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Chill gives way to warmth

Bureau volunteers work to ease time spent in long lines

For a little kid, a wait in a long line can seem endless – tragic, even, to one boy who’d thrown himself on the ground Friday morning and begun to whimper softly.

Becca Mangan, 18, strove to keep things lively for her daughter, Charlie, as they waited outside the Christmas Bureau. Besides taking Charlie, 1, to play in the snow – scraped into lumpy piles on the wet grass – she employed a variety of tactics: walking, running in circles, pointing out cars and clouds.

Mangan said the wait would be worth it to get into the bureau, which distributes toys, children’s books and grocery vouchers to people in need. Neither she nor her daughter’s father has a job. “We’re kind of scrapping right now,” she said.

A two-hour wait is standard during the first few days of the bureau. Volunteers and coordinators put a few measures in place to ease the discomfort. And recipients come up with their own strategies to bear the boredom.

Just a couple of minutes into her wait, one woman was engrossed in a Dean Koontz novel. A few people huddled around an ashtray stand placed at a distance from the line or leaned on yellow sawhorses lined up as barriers.

Ellen Old Chief, 61, of Spokane, had finally reached the awning leading to the entrance. Mild exercise helped her keep warm. “Try and move around,” she advised.

As recipients advance from the outside line to the inside line, volunteers direct a few – judged to be “severely disabled,” or, sometimes, “very pregnant” – to a separate, shorter ID-check line, volunteer Robin Patchett said.

Patchett, of Colbert, was working the door as a line greeter Friday, letting in a few people at a time and checking that they had necessary documentation.

“We greet them and say, ‘I’m sorry you’re so cold. There’s coffee halfway down the (inside) line,’ ” she said.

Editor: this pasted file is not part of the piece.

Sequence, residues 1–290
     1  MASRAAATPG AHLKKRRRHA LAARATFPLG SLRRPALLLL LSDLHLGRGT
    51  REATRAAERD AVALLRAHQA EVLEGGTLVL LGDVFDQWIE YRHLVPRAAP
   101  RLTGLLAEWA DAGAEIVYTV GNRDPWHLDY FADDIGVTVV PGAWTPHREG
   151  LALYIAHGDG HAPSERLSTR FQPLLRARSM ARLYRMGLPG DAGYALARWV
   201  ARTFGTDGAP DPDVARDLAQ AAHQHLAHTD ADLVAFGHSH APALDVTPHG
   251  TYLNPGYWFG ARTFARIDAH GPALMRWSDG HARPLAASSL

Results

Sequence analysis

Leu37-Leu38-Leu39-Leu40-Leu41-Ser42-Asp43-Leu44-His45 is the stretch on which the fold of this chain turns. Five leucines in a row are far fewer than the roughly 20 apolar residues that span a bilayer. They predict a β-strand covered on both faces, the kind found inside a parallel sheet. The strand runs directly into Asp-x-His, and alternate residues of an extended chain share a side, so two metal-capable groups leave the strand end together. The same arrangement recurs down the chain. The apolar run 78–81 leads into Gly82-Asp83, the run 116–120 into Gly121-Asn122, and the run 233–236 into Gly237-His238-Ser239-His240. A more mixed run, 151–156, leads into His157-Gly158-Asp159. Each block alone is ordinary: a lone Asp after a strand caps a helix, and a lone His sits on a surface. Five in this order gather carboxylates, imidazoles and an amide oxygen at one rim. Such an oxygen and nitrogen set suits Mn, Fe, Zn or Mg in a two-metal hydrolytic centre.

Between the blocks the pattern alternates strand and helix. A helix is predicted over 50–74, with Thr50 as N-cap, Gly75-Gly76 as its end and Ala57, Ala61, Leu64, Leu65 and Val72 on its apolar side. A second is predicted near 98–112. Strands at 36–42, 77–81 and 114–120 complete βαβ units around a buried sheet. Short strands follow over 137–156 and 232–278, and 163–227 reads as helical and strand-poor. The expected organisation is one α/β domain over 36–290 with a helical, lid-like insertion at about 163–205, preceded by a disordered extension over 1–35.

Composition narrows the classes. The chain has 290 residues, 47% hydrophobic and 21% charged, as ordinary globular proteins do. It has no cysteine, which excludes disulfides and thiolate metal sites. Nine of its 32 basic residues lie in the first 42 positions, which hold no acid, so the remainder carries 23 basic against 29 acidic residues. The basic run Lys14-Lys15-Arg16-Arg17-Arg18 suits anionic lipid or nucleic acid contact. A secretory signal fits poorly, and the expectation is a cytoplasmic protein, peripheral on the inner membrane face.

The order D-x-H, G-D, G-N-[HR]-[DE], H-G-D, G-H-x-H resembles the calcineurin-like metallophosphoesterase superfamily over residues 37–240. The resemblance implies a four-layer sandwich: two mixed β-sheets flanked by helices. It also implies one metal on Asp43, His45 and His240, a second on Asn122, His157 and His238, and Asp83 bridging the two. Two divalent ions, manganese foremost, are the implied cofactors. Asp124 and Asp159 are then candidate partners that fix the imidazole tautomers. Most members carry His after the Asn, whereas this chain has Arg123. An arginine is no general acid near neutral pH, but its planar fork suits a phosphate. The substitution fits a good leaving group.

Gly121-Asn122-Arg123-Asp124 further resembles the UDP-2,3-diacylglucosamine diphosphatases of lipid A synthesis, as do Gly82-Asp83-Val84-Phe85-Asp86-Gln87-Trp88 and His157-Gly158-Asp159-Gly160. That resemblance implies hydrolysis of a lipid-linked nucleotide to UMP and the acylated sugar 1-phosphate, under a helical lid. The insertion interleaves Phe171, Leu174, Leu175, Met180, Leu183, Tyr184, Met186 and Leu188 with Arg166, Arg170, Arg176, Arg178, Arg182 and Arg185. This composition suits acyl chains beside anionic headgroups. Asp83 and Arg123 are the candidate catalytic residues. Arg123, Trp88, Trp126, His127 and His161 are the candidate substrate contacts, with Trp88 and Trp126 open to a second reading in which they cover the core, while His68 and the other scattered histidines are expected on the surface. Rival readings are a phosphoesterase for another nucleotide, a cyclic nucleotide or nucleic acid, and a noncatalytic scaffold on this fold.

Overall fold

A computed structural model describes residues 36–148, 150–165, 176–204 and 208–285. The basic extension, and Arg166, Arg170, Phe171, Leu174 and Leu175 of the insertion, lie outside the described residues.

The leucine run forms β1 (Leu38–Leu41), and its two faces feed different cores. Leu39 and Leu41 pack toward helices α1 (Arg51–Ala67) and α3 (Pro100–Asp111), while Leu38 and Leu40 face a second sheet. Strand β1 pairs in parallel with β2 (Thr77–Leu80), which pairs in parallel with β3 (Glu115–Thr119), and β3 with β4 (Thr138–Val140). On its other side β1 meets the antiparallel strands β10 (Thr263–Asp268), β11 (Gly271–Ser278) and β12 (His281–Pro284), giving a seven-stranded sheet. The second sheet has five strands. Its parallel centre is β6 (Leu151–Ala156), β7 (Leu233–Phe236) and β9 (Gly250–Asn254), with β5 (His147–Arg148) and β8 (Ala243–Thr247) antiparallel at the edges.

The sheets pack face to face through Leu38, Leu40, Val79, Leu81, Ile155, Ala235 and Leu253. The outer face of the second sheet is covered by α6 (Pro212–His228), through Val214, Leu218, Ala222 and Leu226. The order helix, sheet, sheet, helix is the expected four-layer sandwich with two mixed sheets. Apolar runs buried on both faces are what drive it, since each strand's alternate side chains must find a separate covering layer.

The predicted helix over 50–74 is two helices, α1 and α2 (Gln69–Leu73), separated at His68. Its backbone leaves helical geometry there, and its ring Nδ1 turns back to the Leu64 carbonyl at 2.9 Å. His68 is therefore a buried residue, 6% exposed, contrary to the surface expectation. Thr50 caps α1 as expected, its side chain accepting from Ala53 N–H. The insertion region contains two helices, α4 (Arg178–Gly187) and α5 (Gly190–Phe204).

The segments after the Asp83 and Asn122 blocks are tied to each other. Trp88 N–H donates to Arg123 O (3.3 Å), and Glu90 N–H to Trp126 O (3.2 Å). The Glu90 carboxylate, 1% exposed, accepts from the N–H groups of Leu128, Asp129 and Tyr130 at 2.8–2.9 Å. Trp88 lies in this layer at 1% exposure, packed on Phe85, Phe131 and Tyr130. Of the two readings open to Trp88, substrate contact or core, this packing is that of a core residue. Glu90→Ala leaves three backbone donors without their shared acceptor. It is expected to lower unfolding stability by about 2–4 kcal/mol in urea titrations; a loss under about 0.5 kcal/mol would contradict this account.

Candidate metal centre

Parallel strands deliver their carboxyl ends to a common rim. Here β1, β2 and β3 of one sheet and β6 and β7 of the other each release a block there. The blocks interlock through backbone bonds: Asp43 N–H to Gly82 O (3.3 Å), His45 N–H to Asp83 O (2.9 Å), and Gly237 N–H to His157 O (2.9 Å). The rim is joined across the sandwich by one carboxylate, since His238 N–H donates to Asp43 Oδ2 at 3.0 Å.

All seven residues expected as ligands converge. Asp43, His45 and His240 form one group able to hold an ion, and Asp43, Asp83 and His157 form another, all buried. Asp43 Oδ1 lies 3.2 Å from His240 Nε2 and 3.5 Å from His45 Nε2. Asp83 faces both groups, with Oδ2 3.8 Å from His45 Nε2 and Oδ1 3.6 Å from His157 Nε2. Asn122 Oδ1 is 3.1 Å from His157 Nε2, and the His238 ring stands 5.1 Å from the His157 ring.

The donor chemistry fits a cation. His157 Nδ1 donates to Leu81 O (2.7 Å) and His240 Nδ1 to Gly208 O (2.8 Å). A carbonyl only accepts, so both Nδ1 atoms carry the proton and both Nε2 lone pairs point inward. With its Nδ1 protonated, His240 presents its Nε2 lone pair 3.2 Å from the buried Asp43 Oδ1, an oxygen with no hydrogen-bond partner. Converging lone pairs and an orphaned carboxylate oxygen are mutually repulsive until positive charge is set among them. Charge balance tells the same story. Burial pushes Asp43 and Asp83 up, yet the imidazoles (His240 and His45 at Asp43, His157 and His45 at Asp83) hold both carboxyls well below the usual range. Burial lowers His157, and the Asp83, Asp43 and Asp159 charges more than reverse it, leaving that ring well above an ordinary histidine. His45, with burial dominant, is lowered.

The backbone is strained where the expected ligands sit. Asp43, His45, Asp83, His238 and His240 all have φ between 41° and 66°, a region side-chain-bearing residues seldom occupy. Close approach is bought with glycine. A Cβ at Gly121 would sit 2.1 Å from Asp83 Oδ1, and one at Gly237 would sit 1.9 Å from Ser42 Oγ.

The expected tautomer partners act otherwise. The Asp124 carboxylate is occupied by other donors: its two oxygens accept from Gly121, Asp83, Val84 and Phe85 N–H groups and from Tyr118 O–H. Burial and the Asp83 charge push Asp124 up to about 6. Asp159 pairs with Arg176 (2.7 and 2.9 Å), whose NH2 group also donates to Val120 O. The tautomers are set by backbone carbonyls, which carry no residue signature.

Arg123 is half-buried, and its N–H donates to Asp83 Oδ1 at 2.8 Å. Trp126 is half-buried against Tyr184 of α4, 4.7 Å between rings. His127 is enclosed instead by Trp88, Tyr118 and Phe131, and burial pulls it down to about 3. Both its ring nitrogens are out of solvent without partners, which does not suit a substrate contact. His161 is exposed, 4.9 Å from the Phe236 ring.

Volunteers also patrol the line outside, keeping an eye out for people facing tough physical challenges to move to the disabled line, bureau coordinator Judy Lee said. They invited one woman using a walker and an oxygen tank inside early, for instance.

Summer Goodwin, 33, waited outside with her youngest daughter, 4-year-old Mercedes.

The people in front of them lent Mercedes an extra coat to wear. In turn, Goodwin, a nursing assistant, offered a lead on a job to another woman in line – also a nursing assistant, who’d lost her job.

The wait, Goodwin said, was “a small price to pay” for a chance to get presents for her three girls.

“I just appreciate anything I can get here,” she said.

The Christmas Bureau is paid for with donations by newspaper readers. It’s organized by Catholic Charities Spokane, Volunteers of America, and The Spokesman-Review.

New donations

Donations totaling $10,458.25 bumped up the Christmas Fund to $161,028.01.

TESTCOMM, a Spokane company, donated $6,500. Manager Jerry Ensminger wrote: “We at TESTCOMM are pleased to continue our tradition of increasing our annual contribution to this community event. We salute the volunteers and our friends and neighbors who make this such a worthy cause.”

Bart and Lindell Haggin, of Spokane, donated $500. An anonymous donor from Spokane also gave $500.

Burma and Rick Williams, of Spokane, donated $300. “This is a fine thing that all of you do for our community,” they wrote. “Keep up the good work!” Scott and Shannon Sevigny, of Spokane, also gave $300.

An anonymous couple from Spokane gave $250.

The Spokesman-Review Craft Fair gave $200, as did Virgil Duchow, of Spokane.

Theresa and Jeffrey Utesch, of Veradale, gave $150.

Spokane residents who gave $100: Tom and Mary Anna Bryan, in memory of Bill Bosch; Sharon Myers; Dru Bendix, in memory of Virgil E. Bendix; Kay Mosholder and Beth Paananen; and three separate anonymous donors. Darlene Waller, of Spokane, donated $100 in memory of Darroll R. “Skip” Waller and his parents, Jack and Margaret Waller. “Yours is a cause we all believed in,” she wrote.

An anonymous donor from Spokane donated $75, as did Michael and Konni Dietz, of Mead.

The Cannon Hill Bunko Group donated $70.

Michael Brown, of Spokane, donated $60.

Spokane residents who gave $50: an anonymous donor, in memory of Joe and Irene Lynch, of Coulee Dam; Jean Janke; Thomas Parisot; Debbie Reinbold; and another anonymous donor.

Janice Holcomb, of Mead, donated $50 “to honor my twin grandsons born in August. Our family is so blessed, we have chosen to share with others in lieu of gifts.” Raelee Easton, of Spokane Valley, also donated $50.

Kent Holbrook donated $48.25 via PayPal.

Randy and Victoria Bunke, of Deer Park, gave $25. An anonymous donor gave $25 “in memory of Rick Shulman, who served the poor with humility and humor.”

Allison and Dan Gingrich, of Bellevue, Idaho, gave $20 in honor of Dick and Alice Gingrich, of Spokane.

An anonymous donor gave $10 in memory of Don Morley, of Grand Coulee.



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